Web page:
John Forbes Nash, Jr., a prodigy and legend by the age of thirty, dazzled the mathematical world by solving a series of deep problems deemed "impossible" by other mathematicians. But at the height of his fame, Nash suffered a catastrophic mental breakdown and began a harrowing descent into insanity, resigning his post at MIT, slipping into a series of bizarre delusions, and eventually becoming a dreamy, ghostlike figure at Princeton, scrawling numerological messages on blackboards. He was all but forgotten by the outside world-until, remarkably, he emerged from his madness to win the Nobel Prize. A Beautiful Mind is "a story about the mystery of the human mind, in three acts: genius, madness, reawakening." A true drama, it is also a fascinating glimpse into the fragility of genius.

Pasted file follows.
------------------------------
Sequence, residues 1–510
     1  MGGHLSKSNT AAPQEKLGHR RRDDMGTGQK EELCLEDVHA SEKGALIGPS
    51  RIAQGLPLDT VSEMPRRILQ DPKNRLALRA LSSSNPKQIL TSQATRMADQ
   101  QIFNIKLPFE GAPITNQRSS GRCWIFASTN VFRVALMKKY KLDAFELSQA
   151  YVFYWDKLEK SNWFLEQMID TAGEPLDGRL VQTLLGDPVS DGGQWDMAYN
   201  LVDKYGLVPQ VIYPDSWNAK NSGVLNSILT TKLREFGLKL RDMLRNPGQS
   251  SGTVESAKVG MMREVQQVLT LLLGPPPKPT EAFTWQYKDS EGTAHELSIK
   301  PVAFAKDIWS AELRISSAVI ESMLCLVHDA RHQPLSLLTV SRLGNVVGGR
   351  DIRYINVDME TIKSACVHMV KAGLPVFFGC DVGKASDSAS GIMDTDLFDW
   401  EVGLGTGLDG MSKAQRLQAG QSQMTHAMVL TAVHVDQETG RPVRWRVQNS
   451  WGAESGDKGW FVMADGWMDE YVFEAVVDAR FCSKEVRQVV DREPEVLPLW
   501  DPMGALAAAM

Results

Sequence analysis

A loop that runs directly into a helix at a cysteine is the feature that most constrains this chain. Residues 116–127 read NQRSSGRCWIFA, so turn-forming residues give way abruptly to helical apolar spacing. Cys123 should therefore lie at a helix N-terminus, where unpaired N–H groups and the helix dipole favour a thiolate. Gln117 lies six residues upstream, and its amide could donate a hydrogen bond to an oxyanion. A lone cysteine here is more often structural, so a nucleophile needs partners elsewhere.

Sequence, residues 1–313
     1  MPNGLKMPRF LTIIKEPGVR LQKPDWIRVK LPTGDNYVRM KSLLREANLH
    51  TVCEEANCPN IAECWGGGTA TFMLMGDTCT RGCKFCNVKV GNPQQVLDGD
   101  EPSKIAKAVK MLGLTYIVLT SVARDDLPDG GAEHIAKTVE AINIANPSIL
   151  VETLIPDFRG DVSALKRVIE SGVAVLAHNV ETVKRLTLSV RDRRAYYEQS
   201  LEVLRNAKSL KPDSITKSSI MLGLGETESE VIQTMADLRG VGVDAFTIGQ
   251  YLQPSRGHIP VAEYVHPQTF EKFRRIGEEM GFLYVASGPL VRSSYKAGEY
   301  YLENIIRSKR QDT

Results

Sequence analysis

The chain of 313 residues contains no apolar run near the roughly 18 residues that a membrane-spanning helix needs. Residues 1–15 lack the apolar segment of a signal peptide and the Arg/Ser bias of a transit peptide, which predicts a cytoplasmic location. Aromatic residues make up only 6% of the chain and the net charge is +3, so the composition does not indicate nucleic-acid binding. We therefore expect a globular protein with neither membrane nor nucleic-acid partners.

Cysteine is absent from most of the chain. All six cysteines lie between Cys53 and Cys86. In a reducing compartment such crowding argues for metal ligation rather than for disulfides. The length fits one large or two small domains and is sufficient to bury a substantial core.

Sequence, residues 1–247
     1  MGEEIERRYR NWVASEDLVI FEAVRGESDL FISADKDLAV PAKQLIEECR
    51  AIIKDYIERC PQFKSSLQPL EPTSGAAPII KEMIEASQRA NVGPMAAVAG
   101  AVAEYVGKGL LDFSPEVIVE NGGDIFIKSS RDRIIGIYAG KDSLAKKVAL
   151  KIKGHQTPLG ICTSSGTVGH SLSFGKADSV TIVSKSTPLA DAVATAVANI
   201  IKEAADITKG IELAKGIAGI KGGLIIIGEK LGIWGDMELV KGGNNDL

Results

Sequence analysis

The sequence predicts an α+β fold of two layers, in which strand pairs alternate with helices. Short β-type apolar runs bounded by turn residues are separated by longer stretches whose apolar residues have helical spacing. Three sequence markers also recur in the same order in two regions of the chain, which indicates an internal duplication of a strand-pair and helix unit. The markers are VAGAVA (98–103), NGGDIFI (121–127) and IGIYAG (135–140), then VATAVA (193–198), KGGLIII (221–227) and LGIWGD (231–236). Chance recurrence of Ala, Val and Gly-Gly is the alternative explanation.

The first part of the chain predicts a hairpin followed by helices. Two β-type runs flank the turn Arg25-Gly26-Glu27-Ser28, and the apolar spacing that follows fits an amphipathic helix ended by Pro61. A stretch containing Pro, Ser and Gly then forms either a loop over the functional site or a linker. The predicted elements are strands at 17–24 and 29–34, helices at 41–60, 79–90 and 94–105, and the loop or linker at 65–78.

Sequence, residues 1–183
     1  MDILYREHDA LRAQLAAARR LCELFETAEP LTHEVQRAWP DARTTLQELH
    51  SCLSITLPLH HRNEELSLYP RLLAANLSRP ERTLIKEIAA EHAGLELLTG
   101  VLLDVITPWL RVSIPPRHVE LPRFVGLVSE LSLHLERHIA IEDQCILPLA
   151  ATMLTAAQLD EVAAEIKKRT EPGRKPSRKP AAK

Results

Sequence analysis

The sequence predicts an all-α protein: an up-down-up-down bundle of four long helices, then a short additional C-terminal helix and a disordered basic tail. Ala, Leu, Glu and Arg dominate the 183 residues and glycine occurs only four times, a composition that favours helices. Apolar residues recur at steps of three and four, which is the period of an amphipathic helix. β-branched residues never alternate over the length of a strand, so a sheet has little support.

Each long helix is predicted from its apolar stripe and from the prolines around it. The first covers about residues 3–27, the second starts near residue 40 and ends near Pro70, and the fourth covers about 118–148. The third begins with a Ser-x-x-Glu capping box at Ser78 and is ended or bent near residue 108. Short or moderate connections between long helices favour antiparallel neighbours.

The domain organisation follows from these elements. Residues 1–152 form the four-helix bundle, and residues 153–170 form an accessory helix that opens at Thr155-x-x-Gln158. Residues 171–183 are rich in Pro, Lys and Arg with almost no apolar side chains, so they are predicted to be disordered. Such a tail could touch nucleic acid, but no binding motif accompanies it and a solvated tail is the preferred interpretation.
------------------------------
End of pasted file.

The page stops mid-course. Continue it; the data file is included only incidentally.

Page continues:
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by Sylvia Iparraguirre
by Sylvia Engdahl
by Sylvia Branzei
by Sylvia De Bejar
by Sylvia Ann Hewlett
by Honore de Balzac, Sylvia Raphael
"Sylvia Nasar's excellent biography of the tragic but ultimately triumphant life of mathematician John Forbes Nash,, Jr., gets cheated by poor audio production. Anna Fields's volume is so low that some of her trailing sentences are inaudible except in a silent room. Blackstone compounds the problem with a very high-noise recording. The end result is a production that can't be listened to comfortably in a car or walking in public because Fields's voice ranges from near-whisper to just above normal volume. The listener who compensates for the whisper is overwhelmed by her louder sections. In future Fields projects, Blackstone needs to use compression. Read the excellent book instead. T.F. (c) AudioFile 2000, Portland, Maine"
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